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The Casual Vacancy, Page 27

J. K. Rowling

Part Three Chapter X



  Parminder worked late on Monday evenings, and as Vikram was usually at the hospital, the three Jawanda children laid the table and cooked for themselves. Sometimes they squabbled; occasionally they had a laugh; but today, each was absorbed in their own particular thoughts, and the job was completed with unusual efficiency in near silence.

  Sukhvinder had not told her brother or her sister that she had tried to truant, or about Krystal Weedon's threat to beat her up. The habit of secrecy was very strong in her these days. She was actively frightened of imparting confidences, because she feared that they might betray the world of oddness that lived inside her, the world that Fats Wall seemed able to penetrate with such terrifying ease. All the same, she knew that the events of the day could not be kept quiet indefinitely. Tessa had told her that she intended to telephone Parminder.

  'I'm going to have to call your mum, Sukhvinder, it's what we always do, but I'm going to explain to her why you did it. '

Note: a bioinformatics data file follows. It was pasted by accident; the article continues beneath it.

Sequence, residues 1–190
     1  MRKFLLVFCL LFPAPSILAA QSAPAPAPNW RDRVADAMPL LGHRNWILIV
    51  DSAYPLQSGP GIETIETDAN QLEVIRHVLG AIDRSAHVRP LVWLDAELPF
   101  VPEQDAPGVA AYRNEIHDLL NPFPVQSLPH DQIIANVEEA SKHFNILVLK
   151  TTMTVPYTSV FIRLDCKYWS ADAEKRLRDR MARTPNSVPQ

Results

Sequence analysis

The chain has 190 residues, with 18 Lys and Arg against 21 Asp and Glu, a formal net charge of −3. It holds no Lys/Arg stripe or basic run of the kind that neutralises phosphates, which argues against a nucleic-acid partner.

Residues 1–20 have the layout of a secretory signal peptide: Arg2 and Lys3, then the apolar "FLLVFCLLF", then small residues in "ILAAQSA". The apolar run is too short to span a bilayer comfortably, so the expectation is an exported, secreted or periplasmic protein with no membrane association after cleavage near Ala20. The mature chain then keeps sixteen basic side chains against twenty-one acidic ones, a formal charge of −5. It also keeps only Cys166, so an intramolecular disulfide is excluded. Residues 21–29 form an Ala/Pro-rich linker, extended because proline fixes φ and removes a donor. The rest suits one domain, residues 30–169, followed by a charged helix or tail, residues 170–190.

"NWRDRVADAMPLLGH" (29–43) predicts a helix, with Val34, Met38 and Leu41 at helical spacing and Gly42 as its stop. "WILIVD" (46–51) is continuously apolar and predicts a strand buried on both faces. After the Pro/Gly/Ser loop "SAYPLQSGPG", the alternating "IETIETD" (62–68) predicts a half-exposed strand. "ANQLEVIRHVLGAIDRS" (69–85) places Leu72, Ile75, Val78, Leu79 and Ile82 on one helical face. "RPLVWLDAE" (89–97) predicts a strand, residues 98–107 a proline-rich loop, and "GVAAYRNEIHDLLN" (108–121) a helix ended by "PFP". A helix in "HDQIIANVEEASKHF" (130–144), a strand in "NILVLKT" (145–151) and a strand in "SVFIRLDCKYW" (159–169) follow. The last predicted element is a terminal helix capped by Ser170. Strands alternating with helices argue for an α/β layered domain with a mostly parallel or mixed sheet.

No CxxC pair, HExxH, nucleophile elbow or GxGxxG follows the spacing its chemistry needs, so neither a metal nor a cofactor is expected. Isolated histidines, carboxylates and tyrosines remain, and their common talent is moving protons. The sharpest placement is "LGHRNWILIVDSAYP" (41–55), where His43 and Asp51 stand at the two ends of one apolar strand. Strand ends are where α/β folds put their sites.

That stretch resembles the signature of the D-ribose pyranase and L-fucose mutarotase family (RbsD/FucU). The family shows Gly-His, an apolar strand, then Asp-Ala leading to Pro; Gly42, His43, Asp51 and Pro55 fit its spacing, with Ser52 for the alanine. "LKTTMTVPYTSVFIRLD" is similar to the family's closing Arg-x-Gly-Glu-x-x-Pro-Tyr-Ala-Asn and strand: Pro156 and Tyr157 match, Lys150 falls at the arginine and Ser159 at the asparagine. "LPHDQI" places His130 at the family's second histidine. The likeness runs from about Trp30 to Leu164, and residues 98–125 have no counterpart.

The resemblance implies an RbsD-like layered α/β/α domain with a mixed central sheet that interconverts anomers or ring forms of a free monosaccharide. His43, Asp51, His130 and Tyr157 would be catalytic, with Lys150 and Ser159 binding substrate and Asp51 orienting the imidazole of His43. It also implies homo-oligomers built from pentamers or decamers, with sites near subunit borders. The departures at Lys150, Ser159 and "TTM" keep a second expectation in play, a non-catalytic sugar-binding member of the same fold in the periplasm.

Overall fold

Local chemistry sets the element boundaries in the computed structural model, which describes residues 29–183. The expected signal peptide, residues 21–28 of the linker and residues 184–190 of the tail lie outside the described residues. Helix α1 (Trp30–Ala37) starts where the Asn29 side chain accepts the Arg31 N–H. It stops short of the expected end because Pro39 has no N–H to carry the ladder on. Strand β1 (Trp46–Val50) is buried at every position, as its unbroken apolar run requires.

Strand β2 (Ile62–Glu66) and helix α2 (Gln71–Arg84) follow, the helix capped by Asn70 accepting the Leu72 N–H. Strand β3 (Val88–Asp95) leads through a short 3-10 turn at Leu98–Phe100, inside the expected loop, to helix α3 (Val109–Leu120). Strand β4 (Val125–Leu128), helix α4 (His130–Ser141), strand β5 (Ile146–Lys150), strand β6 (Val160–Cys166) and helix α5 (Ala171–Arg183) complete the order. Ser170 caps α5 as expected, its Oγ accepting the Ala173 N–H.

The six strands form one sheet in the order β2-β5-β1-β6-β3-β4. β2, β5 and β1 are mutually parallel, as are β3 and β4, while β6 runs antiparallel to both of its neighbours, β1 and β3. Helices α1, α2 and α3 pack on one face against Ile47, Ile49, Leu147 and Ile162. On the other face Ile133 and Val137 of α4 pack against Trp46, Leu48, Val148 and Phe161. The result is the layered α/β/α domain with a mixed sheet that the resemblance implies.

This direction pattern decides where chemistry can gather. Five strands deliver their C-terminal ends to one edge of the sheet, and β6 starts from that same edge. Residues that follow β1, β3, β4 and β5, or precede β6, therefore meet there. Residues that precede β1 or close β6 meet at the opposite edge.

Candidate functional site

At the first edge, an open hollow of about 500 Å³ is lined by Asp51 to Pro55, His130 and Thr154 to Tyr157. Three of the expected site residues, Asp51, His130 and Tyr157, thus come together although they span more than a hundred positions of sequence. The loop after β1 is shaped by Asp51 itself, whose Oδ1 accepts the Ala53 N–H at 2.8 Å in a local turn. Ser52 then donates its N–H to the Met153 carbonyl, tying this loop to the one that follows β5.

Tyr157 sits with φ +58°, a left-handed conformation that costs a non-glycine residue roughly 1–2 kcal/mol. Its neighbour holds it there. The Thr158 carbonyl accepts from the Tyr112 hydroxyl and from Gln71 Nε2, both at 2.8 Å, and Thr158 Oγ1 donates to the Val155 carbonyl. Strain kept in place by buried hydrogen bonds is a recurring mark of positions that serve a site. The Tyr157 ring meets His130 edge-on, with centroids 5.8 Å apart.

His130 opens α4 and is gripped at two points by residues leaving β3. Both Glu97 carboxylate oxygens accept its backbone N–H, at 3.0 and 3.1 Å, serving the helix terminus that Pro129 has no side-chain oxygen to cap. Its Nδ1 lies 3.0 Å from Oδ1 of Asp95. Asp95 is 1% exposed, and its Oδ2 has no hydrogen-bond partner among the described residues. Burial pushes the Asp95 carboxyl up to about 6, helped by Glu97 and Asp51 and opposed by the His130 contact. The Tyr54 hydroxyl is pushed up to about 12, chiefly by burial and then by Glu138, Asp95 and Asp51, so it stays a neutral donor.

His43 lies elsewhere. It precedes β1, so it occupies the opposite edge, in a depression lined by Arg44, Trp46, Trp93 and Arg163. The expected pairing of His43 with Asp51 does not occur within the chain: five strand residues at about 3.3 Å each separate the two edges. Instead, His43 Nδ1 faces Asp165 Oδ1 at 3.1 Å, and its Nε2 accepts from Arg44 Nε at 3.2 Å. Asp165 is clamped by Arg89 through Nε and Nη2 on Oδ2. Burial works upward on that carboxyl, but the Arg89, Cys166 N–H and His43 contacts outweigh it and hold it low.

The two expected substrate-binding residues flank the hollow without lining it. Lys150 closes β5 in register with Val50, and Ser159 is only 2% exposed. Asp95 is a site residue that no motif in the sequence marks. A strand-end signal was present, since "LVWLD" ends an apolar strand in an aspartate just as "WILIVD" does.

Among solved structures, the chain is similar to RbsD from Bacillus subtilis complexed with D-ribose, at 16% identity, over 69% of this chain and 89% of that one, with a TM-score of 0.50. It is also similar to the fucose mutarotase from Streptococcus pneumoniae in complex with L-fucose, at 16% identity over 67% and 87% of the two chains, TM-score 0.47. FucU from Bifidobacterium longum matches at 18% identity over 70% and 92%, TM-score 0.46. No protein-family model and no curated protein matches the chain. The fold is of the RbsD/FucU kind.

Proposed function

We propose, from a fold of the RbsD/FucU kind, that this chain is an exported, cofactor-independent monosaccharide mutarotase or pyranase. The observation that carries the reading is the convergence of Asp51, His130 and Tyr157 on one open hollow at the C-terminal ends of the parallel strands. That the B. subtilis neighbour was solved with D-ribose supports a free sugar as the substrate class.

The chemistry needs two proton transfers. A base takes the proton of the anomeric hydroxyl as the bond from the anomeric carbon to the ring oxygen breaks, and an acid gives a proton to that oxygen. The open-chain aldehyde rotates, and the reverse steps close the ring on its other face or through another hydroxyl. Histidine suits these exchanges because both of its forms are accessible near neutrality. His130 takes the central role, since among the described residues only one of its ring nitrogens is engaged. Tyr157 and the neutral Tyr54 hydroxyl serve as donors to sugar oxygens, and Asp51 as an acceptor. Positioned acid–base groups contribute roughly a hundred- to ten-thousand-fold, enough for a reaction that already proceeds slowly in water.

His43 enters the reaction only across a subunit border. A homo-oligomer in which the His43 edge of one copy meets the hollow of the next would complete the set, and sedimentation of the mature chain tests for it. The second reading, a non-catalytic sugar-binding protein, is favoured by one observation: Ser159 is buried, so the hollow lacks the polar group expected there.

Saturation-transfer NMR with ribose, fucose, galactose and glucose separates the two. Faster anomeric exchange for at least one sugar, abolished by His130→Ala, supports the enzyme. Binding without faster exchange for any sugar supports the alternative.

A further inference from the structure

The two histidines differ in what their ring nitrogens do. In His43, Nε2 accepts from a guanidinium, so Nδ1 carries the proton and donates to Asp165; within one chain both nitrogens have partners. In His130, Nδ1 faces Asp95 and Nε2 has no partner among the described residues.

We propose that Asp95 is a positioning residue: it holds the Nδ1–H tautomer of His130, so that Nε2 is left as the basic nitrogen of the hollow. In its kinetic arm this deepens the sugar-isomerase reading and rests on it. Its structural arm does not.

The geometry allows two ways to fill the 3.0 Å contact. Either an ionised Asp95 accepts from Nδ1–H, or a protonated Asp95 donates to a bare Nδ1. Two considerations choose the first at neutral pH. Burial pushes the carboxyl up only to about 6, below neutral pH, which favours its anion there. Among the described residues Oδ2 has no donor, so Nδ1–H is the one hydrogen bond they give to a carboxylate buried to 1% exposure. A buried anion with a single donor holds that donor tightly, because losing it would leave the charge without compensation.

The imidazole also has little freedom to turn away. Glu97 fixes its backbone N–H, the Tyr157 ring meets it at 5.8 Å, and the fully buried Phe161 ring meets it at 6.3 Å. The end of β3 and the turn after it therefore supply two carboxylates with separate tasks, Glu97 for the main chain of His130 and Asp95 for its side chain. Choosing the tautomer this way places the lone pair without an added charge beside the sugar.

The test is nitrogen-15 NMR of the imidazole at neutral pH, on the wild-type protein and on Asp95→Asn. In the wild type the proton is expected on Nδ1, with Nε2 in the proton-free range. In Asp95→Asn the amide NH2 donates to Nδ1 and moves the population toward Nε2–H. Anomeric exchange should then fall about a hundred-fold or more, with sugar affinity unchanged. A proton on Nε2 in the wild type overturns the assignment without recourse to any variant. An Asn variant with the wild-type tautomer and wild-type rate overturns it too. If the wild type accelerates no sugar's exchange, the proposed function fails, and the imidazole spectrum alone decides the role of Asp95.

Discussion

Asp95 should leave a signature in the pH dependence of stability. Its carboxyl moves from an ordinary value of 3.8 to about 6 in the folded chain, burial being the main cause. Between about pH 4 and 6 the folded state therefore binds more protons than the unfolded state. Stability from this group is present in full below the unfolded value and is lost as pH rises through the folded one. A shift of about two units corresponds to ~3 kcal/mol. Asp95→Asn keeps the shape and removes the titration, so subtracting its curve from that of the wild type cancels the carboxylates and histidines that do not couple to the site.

Sukhvinder had felt almost warm towards Tessa, even though she was Fats Wall's mother. Frightened though she was of her mother's reaction, a tiny little glow of hope had kindled inside her at the thought of Tessa interceding for her. Would the realization of Sukhvinder's desperation lead, at last, to some crack in her mother's implacable disapproval, her disappointment, her endless stone-faced criticism?

  When the front door opened at last, she heard her mother speaking Punjabi.

  'Oh, not the bloody farm again,' groaned Jaswant, who had cocked an ear to the door.

  The Jawandas owned a patch of ancestral land in the Punjab, which Parminder, the oldest, had inherited from their father in the absence of sons. The farm occupied a place in the family consciousness that Jaswant and Sukhvinder had sometimes discussed. To their slightly amused astonishment, a few of their older relatives seemed to live in the expectation that the whole family would move back there one day. Parminder's father had sent money back to the farm all his life. It was tenanted and worked by second cousins, who seemed surly and embittered. The farm caused regular arguments among her mother's family.